USDJPY bopped and weaved inside a 108.70-109.06 range. Japan’s trade data was better than expected. EURUSD was bid in Europe on French election positioning, but that move was pared back in New York. GBPUSD was steady on expectations that prime minister Theresa May would get a strong majority.

The US dollar ended in New York with small gains after starting the day with small losses across the board. US economic data releases did not attract much attention. The only major developments were another terrorist attack in Paris on Thursday evening, in which one policeman was killed and two wounded, and comments from US treasury secretary Steven Mnuchin that tax reform plans would be coming “soon”.

On Friday, FX traders consolidated moves and were content to await the French election results.

US treasury secretary Steven Mnuchin this week reassured markets that the Trump administration would accomplish tax reform by year-end. Photo: Wikimedia Commons

— Edited by John Acher

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Trump Tomahawk tactic fails to hold market’s attention 17Apr17


Trump Tomahawk tactic fails to hold market’s attention

Michael O’Neill

FX Trade Strategist / http://www.Loonieviews.net

Canada

· US ends string of strong nonfarm payrolls reports

· Trump flexes military muscle in Syria

· Short week and light US economic calendar ahead

With the attack on Syria, Trump has moved his presidency towards the mainstream of Republican foreign policy. Photo: Shutterstock

By Michael O’Neill

If president Donald Trump updates his 1987 book "The Art of the Deal", he should include a chapter called "Tomahawk Tact: a Republican president’s guide to building popularity at home" .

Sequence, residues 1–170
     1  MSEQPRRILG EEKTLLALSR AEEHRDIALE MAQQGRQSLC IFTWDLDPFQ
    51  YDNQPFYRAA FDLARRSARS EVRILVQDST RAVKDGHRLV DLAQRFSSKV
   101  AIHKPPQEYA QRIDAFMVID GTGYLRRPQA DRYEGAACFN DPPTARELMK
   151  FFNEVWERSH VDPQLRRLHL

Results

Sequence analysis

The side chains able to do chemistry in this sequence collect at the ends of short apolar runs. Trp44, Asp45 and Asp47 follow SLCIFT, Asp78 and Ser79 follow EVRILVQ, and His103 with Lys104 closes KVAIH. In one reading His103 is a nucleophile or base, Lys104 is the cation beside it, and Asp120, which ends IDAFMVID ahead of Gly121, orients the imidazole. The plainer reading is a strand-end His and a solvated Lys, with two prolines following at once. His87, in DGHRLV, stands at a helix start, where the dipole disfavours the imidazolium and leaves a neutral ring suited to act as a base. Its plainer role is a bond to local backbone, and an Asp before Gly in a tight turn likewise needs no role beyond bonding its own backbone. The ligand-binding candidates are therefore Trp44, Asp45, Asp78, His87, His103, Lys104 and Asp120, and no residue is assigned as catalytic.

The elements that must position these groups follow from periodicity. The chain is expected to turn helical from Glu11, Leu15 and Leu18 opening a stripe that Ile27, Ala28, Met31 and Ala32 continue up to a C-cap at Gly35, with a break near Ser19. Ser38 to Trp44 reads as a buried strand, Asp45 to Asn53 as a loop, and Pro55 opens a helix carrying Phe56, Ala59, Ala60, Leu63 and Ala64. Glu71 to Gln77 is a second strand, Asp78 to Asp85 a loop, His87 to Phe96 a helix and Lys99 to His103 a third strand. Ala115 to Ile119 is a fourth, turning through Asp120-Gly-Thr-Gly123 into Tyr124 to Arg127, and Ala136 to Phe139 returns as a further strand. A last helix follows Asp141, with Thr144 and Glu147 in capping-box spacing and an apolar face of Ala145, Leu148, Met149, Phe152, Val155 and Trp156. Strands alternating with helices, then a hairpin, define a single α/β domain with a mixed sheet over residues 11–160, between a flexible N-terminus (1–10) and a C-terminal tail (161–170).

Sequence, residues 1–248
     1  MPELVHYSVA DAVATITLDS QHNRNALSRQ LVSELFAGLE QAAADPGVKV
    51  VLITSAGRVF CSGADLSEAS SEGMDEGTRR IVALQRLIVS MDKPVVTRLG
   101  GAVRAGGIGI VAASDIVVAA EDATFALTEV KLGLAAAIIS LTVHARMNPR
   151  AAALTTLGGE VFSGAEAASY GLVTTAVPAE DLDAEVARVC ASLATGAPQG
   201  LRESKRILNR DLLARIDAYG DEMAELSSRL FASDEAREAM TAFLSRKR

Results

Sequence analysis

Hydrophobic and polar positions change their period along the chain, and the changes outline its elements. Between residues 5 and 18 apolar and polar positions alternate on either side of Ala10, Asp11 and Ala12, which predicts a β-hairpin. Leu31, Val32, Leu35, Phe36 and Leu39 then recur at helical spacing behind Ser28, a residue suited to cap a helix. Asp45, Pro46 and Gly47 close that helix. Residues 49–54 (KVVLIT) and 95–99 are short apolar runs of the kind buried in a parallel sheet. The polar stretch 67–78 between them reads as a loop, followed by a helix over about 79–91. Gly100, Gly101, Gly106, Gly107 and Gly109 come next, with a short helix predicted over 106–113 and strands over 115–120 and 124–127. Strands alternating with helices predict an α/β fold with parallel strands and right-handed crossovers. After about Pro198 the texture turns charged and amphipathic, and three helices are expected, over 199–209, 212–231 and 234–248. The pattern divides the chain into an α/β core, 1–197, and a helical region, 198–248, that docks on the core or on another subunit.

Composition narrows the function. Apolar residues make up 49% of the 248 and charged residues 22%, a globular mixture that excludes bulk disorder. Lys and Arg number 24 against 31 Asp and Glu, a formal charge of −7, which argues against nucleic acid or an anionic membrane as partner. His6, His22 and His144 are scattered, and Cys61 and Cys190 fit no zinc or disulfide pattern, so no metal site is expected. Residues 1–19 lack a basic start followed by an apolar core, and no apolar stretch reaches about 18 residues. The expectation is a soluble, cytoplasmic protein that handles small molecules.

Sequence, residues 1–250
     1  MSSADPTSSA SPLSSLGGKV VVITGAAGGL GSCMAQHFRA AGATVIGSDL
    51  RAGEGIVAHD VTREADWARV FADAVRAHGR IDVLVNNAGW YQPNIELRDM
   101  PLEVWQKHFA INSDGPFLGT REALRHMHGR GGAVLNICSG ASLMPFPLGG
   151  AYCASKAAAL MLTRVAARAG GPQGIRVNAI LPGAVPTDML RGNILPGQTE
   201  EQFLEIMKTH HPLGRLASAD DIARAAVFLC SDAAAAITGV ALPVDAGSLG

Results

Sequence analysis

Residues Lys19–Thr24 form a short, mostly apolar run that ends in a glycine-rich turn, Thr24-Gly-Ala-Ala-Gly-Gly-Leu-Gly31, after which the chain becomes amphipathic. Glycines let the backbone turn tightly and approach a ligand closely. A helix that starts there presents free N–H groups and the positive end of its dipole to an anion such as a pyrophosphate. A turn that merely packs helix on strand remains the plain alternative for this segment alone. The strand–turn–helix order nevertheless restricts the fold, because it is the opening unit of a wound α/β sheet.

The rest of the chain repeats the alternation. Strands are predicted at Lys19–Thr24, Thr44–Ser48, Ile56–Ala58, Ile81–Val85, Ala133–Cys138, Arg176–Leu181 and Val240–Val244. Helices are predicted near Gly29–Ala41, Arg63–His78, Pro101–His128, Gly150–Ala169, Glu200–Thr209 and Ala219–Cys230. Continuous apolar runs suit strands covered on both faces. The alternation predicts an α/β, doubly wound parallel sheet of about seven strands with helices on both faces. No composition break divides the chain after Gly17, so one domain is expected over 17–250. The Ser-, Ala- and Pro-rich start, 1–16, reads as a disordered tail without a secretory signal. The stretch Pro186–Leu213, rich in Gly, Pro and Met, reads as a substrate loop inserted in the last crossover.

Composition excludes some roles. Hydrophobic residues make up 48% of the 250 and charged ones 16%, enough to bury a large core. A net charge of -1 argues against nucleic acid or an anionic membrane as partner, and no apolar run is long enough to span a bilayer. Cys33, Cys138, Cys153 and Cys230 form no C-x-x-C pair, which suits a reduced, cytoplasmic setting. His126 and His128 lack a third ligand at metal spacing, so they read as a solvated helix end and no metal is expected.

After all, it worked for Reagan, Clinton, Bush, and… Bush again (Obama just drew lines in the sand). Americans enjoy beating the war drum and waving the flag when the right opportunity arises, and "right" usually means "distant, weak, and unfortunately aligned".

Last night, Syria fit the bill.

The US missile strike on Syria’s Al-Shayrat Airfield may have signalled a shift in diplomatic discussions surrounding many of the world’s hotspots.

On Thursday, Philippines president Rodrigo Duterte put troops on unoccupied but disputed islands in the South China Sea. That was the same day that Reuters reported a Chinese fighter plane parked on another contested rock in the same contested sea. China is flexing its muscles around Malaysia as well, with Chinese coast guard ships floating around reefs claimed by Kuala Lumpur.

Trump has made noises about “going it alone” to rein in North Korea and its constant missile testing threats. North Korea is supposed to be China’s responsibility, of course, which could put the US at odds with the Middle Kingdom.